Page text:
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Article
August 1965

Attempted Induction of Gliomas Utilizing Simian Virus 40

Author Affiliations

DURHAM, NC
From the Division of Neurosurgery, Duke University Medical Center, Durham, NC.

Arch Neurol. 1965;13(2):149-154. doi:10.1001/archneur.1965.00470020039005
Abstract

METHOD of producing intracranial neoplasms in rats, rabbits, cats, or dogs would be a very useful adjunct to the study of human brain tumors. These animals are readily available and inexpensive, and such a method could be employed in the preliminary testing of diagnostic and therapeutic techniques, thus avoiding the use of human patients for these purposes.

Spontaneous intracranial neoplasms are uncommon in animals.1-12 Furthermore, although neoplasms originating in tissues outside the nervous system of the host can be transplanted intracerebrally in several species of animals,12-24 the difference between these tumors and primary gliomas limits their value as experimental models.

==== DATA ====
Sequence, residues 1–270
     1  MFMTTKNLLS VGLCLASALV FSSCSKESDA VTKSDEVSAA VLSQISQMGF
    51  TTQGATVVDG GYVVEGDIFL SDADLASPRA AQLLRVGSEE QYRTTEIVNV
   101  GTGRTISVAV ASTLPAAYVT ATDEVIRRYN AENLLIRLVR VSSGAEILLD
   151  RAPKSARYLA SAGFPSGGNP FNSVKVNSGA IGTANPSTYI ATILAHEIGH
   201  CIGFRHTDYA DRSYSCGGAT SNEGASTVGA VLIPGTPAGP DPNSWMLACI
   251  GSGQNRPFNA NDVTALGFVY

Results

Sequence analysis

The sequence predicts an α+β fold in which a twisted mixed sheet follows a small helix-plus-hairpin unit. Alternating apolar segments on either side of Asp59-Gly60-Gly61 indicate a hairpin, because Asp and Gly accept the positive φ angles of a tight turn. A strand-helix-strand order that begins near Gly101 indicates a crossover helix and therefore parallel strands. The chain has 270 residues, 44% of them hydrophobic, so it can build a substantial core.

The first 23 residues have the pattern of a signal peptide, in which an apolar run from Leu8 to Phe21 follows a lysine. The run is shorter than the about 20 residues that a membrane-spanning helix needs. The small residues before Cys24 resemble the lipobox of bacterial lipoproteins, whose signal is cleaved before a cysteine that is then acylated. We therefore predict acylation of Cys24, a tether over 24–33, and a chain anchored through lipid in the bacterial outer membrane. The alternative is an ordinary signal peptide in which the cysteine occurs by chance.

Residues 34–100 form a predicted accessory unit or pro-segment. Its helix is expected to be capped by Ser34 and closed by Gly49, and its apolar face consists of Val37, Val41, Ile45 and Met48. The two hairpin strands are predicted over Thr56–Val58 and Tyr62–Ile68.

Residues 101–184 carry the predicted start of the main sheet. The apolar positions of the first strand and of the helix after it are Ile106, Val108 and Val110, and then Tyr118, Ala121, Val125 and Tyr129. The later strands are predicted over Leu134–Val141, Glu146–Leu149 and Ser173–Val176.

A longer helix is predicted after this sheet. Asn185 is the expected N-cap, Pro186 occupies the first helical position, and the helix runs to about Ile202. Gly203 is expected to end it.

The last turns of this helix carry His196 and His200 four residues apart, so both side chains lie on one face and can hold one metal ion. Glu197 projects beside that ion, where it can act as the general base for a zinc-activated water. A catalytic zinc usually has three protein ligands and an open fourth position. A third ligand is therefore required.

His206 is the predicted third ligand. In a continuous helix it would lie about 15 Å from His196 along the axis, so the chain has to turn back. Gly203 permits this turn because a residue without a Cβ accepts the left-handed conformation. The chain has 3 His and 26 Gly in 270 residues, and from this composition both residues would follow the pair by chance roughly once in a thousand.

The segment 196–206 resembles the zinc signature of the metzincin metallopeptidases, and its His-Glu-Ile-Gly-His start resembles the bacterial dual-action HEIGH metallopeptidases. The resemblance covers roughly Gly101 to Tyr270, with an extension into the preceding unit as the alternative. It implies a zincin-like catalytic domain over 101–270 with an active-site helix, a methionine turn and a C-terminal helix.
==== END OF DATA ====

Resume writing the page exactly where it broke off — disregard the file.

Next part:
Primary gliomas can be induced consistently in mice by the intracerebral insertion of carcinogens,12,25,26 and occasionally in rats by the intracerebral insertion12,25,27-32 or oral administration33-35 of similar chemical agents. Also, tumors resembling ependymomas can be induced in hamsters by the intracerebral injection of simian virus

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